Unsustainable rents are also leading to social problems. Recent research by Demos found that 1 in 10 (9 per cent) people had experience of rent arrears, and that the emotional impact of rent arrears was as harmful as payday loans. Rent arrears are also not included in the government’s debt figures, which Demos calls Britain’s “£5bn of hidden debt”.

Critics of Miliband’s plan would do well to look at France, Spain, Ireland and Germany, all of which have long-term tenancies with predictable rents and none of which are slipping into the Marxist despotism of right-wing caricature. The policy around rent caps is also not entirely new: forms of rent control already exist in some parts of the country. There are an estimated 100,000 tenancies in the UK to which ‘fair rent’ rules apply, meaning private sector tenancies that began before 15 January 1989 have rent increases limited to an amount linked to the Retail Price Index (RPI).

As Robert Taylor of the Camden Federation of Private Tenants has pointed out, the system is “far from perfect” but “very effective” at protecting tenants against steep rent increases.

Right-wing critics will undoubtedly scoff at Miliband’s plans, but in doing so they risk falling into the same trap they fell into when Labour announced its energy price freeze, a policy that turned out to be incredibly popular with the public.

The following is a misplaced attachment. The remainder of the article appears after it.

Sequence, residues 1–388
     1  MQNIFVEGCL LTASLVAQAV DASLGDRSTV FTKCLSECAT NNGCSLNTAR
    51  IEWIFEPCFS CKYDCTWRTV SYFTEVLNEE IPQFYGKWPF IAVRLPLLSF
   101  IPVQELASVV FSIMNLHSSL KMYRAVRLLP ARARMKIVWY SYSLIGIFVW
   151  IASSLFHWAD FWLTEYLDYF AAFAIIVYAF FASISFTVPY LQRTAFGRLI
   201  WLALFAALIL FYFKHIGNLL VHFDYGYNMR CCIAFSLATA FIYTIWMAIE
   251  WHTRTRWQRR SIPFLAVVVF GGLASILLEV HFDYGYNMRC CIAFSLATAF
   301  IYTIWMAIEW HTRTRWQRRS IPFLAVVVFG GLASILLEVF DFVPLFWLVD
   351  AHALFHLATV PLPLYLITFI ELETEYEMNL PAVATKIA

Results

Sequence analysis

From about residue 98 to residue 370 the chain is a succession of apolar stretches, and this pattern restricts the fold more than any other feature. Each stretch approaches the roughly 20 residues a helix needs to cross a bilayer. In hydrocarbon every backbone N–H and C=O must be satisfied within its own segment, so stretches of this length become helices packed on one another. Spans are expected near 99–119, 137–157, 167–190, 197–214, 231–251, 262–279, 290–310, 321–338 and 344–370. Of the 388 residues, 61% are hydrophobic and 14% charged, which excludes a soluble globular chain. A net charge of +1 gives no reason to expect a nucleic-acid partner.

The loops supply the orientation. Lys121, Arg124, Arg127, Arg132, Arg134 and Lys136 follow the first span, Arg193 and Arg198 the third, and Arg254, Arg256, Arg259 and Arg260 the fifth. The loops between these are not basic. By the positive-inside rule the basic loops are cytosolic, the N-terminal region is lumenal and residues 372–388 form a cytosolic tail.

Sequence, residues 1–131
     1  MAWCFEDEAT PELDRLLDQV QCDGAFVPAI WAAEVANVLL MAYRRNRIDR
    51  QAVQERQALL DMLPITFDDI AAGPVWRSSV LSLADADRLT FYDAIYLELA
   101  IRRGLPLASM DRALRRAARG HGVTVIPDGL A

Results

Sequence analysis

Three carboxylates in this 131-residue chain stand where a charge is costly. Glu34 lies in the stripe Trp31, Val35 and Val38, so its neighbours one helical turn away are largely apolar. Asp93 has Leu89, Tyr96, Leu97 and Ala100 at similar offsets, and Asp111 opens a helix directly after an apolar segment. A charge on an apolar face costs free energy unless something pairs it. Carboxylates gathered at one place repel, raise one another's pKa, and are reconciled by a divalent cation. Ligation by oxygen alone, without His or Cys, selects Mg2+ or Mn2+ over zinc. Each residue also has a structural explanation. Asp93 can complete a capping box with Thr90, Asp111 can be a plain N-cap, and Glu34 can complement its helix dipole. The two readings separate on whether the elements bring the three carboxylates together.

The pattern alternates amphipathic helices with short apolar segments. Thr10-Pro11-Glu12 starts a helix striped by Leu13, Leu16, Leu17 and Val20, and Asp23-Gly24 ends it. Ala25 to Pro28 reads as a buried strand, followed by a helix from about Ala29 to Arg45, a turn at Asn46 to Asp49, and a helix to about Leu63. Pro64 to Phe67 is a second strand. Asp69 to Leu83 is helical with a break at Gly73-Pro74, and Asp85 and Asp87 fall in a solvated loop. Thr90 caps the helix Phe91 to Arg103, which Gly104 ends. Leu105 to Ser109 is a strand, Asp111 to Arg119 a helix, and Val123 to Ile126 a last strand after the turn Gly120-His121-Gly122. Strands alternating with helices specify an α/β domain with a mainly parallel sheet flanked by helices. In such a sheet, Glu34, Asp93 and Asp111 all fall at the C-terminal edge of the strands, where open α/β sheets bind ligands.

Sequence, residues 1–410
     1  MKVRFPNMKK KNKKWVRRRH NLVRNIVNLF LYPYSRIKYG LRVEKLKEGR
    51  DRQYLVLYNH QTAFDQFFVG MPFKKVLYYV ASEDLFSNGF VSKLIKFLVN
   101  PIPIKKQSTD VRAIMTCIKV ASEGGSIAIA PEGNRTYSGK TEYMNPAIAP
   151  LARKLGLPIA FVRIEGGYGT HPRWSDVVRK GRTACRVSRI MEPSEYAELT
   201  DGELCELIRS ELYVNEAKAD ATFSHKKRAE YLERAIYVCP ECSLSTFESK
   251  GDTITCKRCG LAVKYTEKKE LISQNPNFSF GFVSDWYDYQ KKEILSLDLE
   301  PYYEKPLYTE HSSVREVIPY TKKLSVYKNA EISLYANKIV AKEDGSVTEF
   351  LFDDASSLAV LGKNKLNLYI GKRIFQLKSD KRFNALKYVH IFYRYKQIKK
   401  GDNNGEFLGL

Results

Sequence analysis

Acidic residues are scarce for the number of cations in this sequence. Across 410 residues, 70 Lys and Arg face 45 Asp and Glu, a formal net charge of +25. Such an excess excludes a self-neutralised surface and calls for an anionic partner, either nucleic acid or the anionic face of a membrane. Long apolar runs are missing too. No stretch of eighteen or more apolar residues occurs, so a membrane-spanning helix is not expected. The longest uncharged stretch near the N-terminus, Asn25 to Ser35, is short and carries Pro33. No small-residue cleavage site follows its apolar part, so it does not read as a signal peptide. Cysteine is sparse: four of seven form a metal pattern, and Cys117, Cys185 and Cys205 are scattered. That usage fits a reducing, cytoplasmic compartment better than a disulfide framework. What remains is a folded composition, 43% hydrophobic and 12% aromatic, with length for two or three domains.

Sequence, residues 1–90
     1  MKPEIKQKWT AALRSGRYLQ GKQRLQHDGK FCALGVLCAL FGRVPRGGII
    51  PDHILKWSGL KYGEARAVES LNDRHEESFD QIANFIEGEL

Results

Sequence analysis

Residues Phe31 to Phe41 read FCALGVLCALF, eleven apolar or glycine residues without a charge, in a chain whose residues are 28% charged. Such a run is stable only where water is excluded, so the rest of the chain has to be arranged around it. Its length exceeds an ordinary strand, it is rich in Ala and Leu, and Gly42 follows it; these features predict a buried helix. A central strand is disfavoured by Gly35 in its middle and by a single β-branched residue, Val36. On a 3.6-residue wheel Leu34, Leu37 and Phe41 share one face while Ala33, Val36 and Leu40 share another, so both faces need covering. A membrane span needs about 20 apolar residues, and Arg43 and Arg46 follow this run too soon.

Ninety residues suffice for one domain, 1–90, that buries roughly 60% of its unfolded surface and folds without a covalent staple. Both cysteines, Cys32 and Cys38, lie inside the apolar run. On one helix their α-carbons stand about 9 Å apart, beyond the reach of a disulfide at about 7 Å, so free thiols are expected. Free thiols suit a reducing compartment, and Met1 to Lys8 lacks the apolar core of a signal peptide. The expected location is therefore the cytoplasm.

It’s easy to scoff at regulation of the rental market if you are a landlord or are lucky enough to own a home, but for the increasing number of people forced to hand over large sums of money each month for modest digs Miliband is offering a genuinely radical alternative.

5 Responses to “Miliband is offering ‘generation rent’ a radical and attractive alternative”

  1. JB

    Idiotic suggestions. Because:

    1.) Landlords will increase the initial rent charged in order to ensure that their average rental income across the three-year period remains the same.
    2.). Ditto.
    3.) Landlords will have to pay the same agents fees which they will pass on directly to tennants through higher-rents.

    Total waste of time. Ed will get positive media coverage for a few hours today and renters will be no better off.

  2. John James